Perhaps the biggest benefit of a shared desk is that you can fit a considerable amount of employees into a small space. In contrast, giving each employee an individual desk can take up more room – and cost more money.
The other benefit of a shared desk is that it lends itself to open plan offices. For a number of reasons, the open plan style is still among the most popular requests received by office designers. Creative companies, for example, may want to introduce an environment where employees can bounce ideas off one another, and sitting in close proximity can be great for this.
Shared desks can also establish an egalitarian ethos, where management sit alongside employees rather than being closed away in separate rooms.
While you may not have room or budget for a café in a small office, tea points are a practical alternative. They are compact, stylish, and are good for employee happiness.
Experienced office designers will plan the build so seating is included too. This creates the perfect environment for ad-hoc meetings, staff lunches or quiet working
Distracting noise can be ultimate thorn in the side of busy employees, and while larger offices are now adapting their interiors to include ‘quiet zones’, this is not so easy if your premises is small.
Acoustic chairs can provide the ideal solution. Not only are they able to fit in tight spaces, but are specifically designed for quiet working. The chair creates a cocoon around the individual and blocks out sound with acoustic panels fitted inside. You can even get pods with speakers to pump in some relaxing tunes.
Single chairs aren’t the only option either. You can also get larger booths which are great for collaborative working.
An alternative to bulky individual units, storage walls are a great way to maximise space in small offices. Due to the fact they are designed to fit around elements in the office, storage walls can save up to 30% of your office’s floor space.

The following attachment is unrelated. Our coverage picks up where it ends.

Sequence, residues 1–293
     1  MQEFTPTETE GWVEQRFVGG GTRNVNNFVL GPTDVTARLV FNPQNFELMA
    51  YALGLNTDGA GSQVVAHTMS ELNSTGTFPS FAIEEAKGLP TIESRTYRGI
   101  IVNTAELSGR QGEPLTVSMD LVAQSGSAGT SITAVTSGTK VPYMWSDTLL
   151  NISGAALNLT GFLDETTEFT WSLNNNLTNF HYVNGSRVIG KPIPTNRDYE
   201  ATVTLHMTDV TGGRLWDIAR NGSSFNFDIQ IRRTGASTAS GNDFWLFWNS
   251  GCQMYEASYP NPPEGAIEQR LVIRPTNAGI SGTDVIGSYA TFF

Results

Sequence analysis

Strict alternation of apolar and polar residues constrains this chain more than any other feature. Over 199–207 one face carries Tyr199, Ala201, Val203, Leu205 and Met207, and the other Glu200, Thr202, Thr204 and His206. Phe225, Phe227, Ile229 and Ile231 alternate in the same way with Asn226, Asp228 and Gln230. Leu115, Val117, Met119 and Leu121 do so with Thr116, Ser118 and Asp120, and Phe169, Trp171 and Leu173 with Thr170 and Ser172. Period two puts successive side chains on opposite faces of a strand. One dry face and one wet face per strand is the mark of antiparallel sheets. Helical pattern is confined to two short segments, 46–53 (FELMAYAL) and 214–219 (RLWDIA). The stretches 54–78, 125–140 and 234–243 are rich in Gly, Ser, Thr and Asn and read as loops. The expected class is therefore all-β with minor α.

In addition to this, storage walls are extremely practical and can bring a fluid, contemporary feel to your office design. Depending on your needs, they can be built to include everything from filing systems to chillers.
Less PCs inevitably means less room taken up, so from a space planning perspective wireless technology is very practical.
As technology is continuing to advance, we are seeing a surge in offices embracing a more wireless approach. The smart office, for example, allows staff to switch their style of working, whether it be iPad, laptop or mobile phone.
This is not to say that PCs should be removed completely, however. One of the other features of the smart office is integrated technology, where PCs can fold away into desks. This not only makes for a streamlined look, but hides away those pesky wires.
A fit out provides the perfect opportunity to bring more natural light into the office. According to one neuroscience study, workplaces with good exposure to daylight had a 3% – 40% gain in productivity and sales. The study also revealed that daylight is the most wanted natural element in workplace design.
Glass partitions can help to achieve a greater exposure to sunlight, and also give more depth to small office spaces. They can also maintain a departmental feel that many businesses prefer.
It’s a well-known fact that bright colours make rooms look bigger. However, many businesses like to include their brand colours in the interior design, which can be problematic if your house style is dark.
The solution is both simple and practical: combine your brand colour with a lighter shade. This will not only instill your brand identity, but prevent colour overkill.
If incorporating your brand colour into your office isn’t a priority, check out our top 10 colour trends of 2017. Research has shown that each colour has a unique psychological impact on staff (e.g. green is calming), so this is also an important factor when deciding.
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